Step 1: Install the Software for Building Custom Components

To build a custom component package, you need Node.js, Node Package Manager, and the Oracle Digital Assistant Bots Node.js SDK.

Note:

If you plan to deploy to the embedded container, your package should be compatible with the following versions:
  • For Oracle Digital Assistant instances that are provisioned on Oracle Cloud Infrastructure (sometimes referred to as the Generation 2 cloud infrastructure), your package should be compatible with Node.js 8.11.5 and Bots Node SDK 2.2.2.
  • For Oracle Digital Assistant instances that are provisioned on Oracle Cloud Platform (as all version 19.4.1 instances are), your package should be compatible with 8.11.4 and Bots Node SDK 2.2.0.
  1. If you haven’t already, download Node.js from https://nodejs.org and install it for global access. Node Package Manager (npm) is distributed with Node.js.

    To test if Node.js and npm are installed, open a terminal window and type these commands:

    node –v 
    npm –v
  2. To install the Oracle Digital Assistant Bots Node.js SDK for global access, enter this command in a terminal window:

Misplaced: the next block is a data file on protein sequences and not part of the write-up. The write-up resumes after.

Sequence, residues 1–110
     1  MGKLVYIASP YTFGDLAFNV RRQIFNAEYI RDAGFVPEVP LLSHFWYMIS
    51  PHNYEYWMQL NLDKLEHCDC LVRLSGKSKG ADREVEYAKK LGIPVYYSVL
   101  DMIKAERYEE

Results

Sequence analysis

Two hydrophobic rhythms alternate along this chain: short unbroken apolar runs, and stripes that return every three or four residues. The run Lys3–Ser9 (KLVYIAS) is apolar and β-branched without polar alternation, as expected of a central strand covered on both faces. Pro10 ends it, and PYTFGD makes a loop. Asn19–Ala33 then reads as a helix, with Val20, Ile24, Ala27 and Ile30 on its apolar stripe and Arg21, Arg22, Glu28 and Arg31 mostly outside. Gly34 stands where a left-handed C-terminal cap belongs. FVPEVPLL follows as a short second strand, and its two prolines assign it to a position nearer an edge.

npm install -g @oracle/bots-node-sdk

    On a Mac, you use the sudo command:

    sudo npm install -g @oracle/bots-node-sdk

    When you use the -g (global) option, you have direct access to the bots-node-sdk command line interface. Otherwise, use npx @oracle/bots-node-sdk.

  3. To verify your Oracle Digital Assistant Bots Node.js SDK installation, type the following command:
    bots-node-sdk -v
    The command should print the Oracle Digital Assistant Bots Node.js SDK version.

Step 2: Create the Custom Component Package

Use the SDK’s command line interface (CLI) to create the necessary files and directory structure.

To create the package folder, and the necessary contents, type the following command in a terminal window:

bots-node-sdk init <top-level folder path>

This command completes the following actions:

  • Creates the top-level folder.

  • Creates a components folder and adds a sample component JavaScript file named hello.world.js. This is where you'll put your component JavaScript files.